If we consider a Left-Hand Path style of magic the injunction to ‘enchant long and divine short’ can result in some interesting ethical effects. Let’s take the example of long-term enchantment. We know that our self changes and, whilst it’s true there is a ‘narrative centre of gravity’ (to use a term borrowed from phenomenology and hermeneutics) our needs, desires and our identities can and do change. With this in mind a long-term enchantment requires the magician to see the problem (their desire) not in terms of the (immediate) self but as part of a much bigger picture. This transforms what can initially arise as a grasping, outcomes-driven personal need, into something greater and more inclusive.

As an example; a couple of magician friends of mine, some years ago, were diagnosed with viral hepatitis. This is a blood borne infection for which, at the time they contracted the virus, there was no known cure. Obviously as magicians we wanted to address this problem; and while sometimes ‘miraculous’ healing does take place (in my experience this typically manifests itself as the patient discovering that they have been ‘misdiagnosed’ and that the illness that threatened has literally vanished), it’s best to take advice from Mr Carroll and learn to play the long game.

In this instance the work that we pursued was not limited to healing our friends but instead focused on finding a cure for hepatitis. As anti-viral technology developed it also became necessary to work on affecting the cultural and financial side of the pharmacological industry (there was, for example, one period when two firms were peddling rival drugs that actually worked best when taken in combination). The long-term result of this work is that both my friends are now thankfully clear of the hepatitis virus and all the health problems associated with that infection.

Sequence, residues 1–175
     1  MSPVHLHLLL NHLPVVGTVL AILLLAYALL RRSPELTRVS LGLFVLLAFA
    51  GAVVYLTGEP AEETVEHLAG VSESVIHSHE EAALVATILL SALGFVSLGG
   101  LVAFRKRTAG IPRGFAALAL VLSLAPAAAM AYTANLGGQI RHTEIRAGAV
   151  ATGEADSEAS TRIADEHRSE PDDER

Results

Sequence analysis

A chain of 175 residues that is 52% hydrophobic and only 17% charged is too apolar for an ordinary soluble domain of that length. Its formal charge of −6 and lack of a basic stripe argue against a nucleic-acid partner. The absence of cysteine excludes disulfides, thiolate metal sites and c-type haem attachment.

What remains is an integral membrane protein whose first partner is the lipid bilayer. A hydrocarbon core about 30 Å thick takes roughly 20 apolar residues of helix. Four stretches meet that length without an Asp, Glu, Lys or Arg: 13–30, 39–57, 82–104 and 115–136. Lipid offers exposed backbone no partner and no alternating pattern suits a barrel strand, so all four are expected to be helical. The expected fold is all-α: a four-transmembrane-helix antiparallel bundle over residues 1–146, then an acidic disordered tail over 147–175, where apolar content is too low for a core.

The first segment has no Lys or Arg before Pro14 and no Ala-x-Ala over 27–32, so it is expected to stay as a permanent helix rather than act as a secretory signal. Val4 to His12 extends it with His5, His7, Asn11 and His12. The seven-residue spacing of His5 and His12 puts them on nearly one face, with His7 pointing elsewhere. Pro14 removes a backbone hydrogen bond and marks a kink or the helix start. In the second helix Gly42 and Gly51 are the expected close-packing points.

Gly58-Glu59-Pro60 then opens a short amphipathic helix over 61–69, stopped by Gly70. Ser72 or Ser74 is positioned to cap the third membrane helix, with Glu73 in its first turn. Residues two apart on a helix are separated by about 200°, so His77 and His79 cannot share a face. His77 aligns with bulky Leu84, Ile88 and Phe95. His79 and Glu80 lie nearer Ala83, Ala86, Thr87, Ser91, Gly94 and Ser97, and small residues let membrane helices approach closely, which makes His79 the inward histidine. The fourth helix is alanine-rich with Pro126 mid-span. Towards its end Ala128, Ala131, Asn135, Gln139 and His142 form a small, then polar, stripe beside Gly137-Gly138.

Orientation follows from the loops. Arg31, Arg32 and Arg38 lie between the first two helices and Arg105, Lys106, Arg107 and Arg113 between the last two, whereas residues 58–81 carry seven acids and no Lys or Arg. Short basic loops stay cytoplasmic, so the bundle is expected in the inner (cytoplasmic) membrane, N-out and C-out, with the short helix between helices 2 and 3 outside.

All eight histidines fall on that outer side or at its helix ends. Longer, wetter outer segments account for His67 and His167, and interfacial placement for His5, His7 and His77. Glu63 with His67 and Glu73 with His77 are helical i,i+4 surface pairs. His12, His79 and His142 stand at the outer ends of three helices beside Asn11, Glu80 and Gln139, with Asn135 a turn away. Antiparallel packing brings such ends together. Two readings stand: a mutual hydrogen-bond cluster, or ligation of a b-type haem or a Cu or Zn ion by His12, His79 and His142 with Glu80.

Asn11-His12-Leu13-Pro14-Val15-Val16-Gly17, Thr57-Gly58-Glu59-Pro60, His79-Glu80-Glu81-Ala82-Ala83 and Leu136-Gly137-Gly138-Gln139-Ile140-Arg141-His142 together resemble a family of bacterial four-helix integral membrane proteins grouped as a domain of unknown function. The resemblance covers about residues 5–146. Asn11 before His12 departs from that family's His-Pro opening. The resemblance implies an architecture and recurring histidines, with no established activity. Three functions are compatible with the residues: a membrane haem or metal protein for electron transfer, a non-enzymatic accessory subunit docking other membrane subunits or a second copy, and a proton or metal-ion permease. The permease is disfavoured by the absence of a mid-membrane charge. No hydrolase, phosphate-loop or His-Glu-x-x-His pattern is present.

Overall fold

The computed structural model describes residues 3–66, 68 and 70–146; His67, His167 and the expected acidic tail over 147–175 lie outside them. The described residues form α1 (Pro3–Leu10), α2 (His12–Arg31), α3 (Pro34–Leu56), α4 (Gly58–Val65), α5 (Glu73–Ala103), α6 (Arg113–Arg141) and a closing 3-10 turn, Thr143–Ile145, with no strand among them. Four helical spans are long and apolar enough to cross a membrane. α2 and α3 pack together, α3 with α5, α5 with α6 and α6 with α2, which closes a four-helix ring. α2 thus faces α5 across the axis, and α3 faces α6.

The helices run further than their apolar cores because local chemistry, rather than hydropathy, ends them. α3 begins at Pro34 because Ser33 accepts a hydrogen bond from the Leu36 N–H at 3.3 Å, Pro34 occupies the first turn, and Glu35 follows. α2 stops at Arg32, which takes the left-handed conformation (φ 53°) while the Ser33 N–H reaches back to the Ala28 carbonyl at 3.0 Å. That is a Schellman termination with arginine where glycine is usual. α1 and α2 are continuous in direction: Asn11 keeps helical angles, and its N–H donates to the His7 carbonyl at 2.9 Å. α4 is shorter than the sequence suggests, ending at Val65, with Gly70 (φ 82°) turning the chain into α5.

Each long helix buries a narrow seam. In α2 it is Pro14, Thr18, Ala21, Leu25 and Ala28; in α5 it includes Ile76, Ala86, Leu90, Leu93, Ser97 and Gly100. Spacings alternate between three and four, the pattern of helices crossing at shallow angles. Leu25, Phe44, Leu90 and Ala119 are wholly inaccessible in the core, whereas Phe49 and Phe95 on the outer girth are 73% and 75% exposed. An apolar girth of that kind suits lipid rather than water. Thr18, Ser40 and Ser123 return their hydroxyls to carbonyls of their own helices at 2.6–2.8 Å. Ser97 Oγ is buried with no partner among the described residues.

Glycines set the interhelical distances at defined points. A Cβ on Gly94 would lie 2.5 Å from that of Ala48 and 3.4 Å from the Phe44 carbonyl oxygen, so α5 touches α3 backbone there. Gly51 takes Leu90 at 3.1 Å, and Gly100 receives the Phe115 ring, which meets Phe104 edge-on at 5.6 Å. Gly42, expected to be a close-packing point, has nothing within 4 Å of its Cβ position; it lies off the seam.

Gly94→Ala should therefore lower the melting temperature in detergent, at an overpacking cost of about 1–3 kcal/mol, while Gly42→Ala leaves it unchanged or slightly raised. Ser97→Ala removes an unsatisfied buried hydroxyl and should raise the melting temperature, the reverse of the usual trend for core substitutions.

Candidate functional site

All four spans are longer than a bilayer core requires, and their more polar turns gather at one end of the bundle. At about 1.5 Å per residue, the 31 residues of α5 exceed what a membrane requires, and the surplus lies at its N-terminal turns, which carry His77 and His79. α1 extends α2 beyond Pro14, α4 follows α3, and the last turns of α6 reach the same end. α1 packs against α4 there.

While it’s impossible to be certain that our muttering of spells, invocation of spirits or deployment of magical Clingfilm (really) helped these scientific developments (we can’t of course re-run the control experiment of this bit of medical history where we don’t do the magical work) the bottom line is my friends are now healthy and well. The bigger benefit is that tens of thousands of other people on the planet are well too, and it’s this process that lifts the ‘narrow’ desire-oriented LHP style magick into something that looks much closer to a Vajrayana path; we use our own personal desires (for specific outcomes or for illumination/enlightenment) and skilfully deploy these in order to achieve an outcome where all beings become liberated.

When you’re doing ‘results magic’ for yourself why not consider how to play the long game and if there is a way of getting not only what you want but helping many others into the bargain? The example above involving healing magic is ideal; rather than working simply for your own (or your clients) health, consider all those others who share the same problem. Conversely when doing divination, rather than trying to scry the actions of complex networks, focus your questions on what you (or the querent) can do in a given situation. Considered through the lens of a LHP  approach any divination will emphasise personal responsibility, empowerment and agency.

Perhaps this allows us to expand Pete’s dictum to: ‘Enchant long and global, divine short and personal’. In works of enchantment let go the individual desiring self, consider the bigger context of your magick and, by skilful means, get much more bang for your esoteric buck. In works of divination give up the illusion that you are without agency and discover the most empowering way to adapt to the situation in which you find yourself.

JV